Verlyn Klinkenborg is the author of a column called "The Rural Life," essays which appear on an irregular basis in the editorial pages of the New York Times. These pithy pieces are often inspired by his observations about life on the rural acreage that he owns somewhere in New York State. The author can be a bit mysterious when it comes to describing the precise location of his small farm. It appears that he enjoys keeping his readers guessing in regard to that particular mystery.
150 years ago the Civil War was raging. During the first week of July, 1863 the battle of Gettysburg (Pennsylvania) marked a crucial turning point in the conflict.
Harold Holzer has made a career out of the study of President Lincoln and the Civil War. Holzer has written more than 40 books. I doubt that there is another author who has written more books about Lincoln than Holzer. He is the leading authority on our greatest president.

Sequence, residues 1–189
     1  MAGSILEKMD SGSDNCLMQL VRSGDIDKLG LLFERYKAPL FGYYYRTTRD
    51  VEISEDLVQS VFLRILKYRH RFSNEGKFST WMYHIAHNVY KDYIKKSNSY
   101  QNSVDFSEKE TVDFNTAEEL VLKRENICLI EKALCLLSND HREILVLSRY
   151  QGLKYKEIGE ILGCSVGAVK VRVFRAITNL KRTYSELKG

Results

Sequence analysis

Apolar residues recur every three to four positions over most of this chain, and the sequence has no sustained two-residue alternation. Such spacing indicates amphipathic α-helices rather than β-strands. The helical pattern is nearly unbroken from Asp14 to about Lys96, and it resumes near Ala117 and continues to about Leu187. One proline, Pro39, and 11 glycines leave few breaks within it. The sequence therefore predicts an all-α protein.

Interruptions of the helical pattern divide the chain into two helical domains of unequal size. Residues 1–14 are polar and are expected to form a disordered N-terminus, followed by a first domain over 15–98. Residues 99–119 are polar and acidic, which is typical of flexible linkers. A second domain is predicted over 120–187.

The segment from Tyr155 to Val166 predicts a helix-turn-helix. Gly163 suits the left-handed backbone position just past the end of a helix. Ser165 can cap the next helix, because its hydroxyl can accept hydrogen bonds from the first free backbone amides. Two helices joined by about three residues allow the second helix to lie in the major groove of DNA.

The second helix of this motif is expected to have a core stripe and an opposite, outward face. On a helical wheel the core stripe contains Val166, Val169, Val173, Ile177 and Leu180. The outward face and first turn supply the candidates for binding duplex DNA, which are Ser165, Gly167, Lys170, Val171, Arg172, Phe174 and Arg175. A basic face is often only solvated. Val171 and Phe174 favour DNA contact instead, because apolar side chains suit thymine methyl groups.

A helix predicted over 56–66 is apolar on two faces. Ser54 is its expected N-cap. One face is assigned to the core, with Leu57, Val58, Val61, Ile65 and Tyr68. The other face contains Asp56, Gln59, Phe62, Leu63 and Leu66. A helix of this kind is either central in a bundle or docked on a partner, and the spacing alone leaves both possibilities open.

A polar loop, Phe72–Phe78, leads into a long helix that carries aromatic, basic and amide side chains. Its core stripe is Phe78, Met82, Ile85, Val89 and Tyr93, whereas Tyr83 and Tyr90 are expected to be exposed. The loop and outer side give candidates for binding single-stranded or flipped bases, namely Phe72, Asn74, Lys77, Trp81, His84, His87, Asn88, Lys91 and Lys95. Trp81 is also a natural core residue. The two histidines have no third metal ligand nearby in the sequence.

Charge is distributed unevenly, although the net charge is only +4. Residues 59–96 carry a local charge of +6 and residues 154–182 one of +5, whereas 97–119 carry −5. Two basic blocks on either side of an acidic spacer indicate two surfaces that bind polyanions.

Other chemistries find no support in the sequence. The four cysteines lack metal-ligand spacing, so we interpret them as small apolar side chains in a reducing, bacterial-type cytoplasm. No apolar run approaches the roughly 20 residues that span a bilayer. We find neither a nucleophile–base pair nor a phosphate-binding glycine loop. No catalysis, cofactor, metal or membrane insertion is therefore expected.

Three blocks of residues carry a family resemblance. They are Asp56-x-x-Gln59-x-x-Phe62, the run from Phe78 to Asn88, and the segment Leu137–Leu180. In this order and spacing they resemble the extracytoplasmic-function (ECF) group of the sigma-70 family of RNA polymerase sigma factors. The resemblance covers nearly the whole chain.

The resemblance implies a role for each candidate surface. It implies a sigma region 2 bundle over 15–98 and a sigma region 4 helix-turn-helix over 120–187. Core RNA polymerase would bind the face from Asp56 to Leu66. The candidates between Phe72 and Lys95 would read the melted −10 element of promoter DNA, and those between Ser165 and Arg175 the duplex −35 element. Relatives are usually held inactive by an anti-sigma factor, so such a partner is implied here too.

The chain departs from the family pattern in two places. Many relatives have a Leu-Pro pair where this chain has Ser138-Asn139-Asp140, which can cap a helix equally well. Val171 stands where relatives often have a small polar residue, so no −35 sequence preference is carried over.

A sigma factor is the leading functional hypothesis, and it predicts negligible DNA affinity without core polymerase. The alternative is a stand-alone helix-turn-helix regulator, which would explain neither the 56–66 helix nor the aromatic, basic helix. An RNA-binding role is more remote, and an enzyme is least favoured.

In "NOS4A2" Joe Hill has penned what has to be the creepiest book of the year. His villain, Charlie Manx, is an undead sort of fellow in the tradition of Count Dracula. But Charlie doesn't imbibe that crimson fluid. No, Charlie feasts on the souls of innocent children. See what I mean? Very creepy.
In this interview Joe Hill gives us a few clues about his inspirations and his process. You'll never look at a covered bridge again without flashing on Joe Hill's "NOS4A2." And don't even think about Christmas.
Whenever I start reading a book, I begin it with the hope that it will be so much fun to read that I won’t want to put it down. I never want certain books to end.
Books like “A Man Without Breath,” the latest installment in Philip Kerr’s noir series that features the long suffering homicide detective Bernie Gunther. Bernie is German. He was solving homicide cases in Berlin when Hitler took power in the early 1930's.